Sen. Mark Warner (D-Va.) is urging the Federal Communications Commission (FCC) to take steps to close the digital divide, adding that the issue has been “magnified” because of the coronavirus emergency.
The pandemic has forced Americans to work and be schooled from home—a shift that has highlighted the digital divide in the country, or the gap between Americans who have access to the internet and those who don’t. Some estimates say 20 million Americans don’t have high-speed access.
Warner, the ranking member of the Senate Intelligence Committee, wrote a letter to the FCC earlier this week.
“Eliminating the digital divide is the 21st-century extension of the Federal Communications Commission’s original universal service mandate. The importance of this effort—and the extent of remaining work to be done—has only been magnified in the wake of the COVID-19 pandemic,” Warner wrote in a letter to the FCC commissioners, later adding: “Under the current circumstances, this lack of broadband access threatens to greatly—and potentially lastingly—exacerbate disparities in health, education, and economic equity.”
In another letter, Warner commended some of the FCC’s recent actions, but added that “much more work remains to be done.”
Specifically, Warner urged the FCC to allow for higher antennas and to increase power limits for wireless providers. The raised power limits and increased height of antennas would allow the signals to travel farther, theoretically reaching more people.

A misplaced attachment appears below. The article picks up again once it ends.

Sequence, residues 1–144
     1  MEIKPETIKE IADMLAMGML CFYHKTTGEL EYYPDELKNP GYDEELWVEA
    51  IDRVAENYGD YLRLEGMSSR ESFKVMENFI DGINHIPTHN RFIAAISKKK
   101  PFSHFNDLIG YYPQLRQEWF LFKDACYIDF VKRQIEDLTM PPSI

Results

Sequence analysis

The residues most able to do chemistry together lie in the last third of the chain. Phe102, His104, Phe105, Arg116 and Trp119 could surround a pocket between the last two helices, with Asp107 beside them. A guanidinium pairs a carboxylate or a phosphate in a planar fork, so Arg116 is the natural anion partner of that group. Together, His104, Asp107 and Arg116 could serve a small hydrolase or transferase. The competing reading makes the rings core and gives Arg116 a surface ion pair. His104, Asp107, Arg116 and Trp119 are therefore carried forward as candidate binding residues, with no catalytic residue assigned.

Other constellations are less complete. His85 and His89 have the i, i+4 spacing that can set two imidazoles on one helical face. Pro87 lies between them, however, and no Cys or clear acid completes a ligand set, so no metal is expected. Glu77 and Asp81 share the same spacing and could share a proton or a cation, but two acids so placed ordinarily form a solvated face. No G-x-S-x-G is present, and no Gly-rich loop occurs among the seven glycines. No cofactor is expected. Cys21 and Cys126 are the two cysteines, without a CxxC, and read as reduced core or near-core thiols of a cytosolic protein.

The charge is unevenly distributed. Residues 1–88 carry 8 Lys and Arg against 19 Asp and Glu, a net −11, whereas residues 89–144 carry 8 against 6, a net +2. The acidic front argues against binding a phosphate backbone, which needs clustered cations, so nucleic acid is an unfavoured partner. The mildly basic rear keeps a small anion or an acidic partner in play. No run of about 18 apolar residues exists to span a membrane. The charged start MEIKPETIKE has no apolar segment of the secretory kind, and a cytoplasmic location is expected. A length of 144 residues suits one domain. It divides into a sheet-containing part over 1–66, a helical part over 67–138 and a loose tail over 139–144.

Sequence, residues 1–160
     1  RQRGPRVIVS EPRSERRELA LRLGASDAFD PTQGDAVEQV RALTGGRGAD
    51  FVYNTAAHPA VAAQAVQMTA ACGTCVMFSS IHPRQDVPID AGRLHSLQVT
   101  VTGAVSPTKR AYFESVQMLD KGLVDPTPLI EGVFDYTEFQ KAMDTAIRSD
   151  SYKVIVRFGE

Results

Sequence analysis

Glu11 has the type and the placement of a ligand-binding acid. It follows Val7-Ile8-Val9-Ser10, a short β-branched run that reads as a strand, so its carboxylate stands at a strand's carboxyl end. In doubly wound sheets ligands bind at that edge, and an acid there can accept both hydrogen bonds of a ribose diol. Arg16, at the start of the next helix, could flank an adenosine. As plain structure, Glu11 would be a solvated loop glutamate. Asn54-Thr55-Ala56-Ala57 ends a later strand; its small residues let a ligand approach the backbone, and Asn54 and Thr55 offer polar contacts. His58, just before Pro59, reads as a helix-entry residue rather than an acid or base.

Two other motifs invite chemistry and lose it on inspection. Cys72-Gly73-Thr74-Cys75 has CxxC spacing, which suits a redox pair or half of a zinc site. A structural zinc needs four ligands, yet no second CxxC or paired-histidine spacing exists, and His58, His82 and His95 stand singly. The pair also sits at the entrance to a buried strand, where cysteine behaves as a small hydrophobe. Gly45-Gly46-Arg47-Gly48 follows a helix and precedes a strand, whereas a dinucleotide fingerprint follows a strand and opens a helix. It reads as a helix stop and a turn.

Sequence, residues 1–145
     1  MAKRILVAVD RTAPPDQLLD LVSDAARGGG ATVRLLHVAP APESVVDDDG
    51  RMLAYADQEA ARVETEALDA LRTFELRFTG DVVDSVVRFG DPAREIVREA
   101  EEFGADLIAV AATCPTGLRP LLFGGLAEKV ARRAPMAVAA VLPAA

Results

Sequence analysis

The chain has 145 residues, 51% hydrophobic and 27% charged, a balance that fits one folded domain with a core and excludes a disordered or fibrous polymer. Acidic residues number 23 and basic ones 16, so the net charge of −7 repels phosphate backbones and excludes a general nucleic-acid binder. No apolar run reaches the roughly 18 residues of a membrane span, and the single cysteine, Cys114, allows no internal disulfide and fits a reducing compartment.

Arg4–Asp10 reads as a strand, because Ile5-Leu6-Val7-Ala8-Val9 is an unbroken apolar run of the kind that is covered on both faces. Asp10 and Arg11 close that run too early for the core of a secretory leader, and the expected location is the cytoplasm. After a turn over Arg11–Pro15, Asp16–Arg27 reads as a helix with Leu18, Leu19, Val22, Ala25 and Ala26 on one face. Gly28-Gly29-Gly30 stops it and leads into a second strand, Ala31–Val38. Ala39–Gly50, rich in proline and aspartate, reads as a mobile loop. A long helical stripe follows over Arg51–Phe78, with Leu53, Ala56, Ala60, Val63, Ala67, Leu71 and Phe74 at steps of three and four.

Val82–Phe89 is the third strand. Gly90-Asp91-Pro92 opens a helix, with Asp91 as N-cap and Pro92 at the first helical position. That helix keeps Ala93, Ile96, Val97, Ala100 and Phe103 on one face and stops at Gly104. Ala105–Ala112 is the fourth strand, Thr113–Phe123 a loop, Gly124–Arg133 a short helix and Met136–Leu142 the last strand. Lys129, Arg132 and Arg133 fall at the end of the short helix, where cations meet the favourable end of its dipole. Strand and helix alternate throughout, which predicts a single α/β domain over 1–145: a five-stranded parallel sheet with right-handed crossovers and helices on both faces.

The FCC has a presumptive policy of refusing antennas over 2,000 feet.
In recent weeks, a number of lawmakers and experts have called on the FCC to help keep Americans connected during the pandemic.
The agency has implemented a number of changes to certain programs—but it’s most visible action has been getting broadband and telephone providers to sign on to its “Keep Americans Connected” pledge, a non-binding vow to not shut off service if customers can’t pay their bills.
Last month a group of bipartisan senators introduced a bill that would create a $2 billion fund at the FCC for broadband providers with less than 250,000 customers to access if they offer free or discounted service during the pandemic.
Other lawmakers have asked the FCC to create a web portal for people to get more information about how to stay connected and to use the agency’s E-Rate program to give schools a discount on devices that would help students get online.
Meanwhile, advocates have suggested that Congress make sure that people’s broadband connection and other utilities cannot be shut off for an extended period of time at the end of the coronavirus pandemic.
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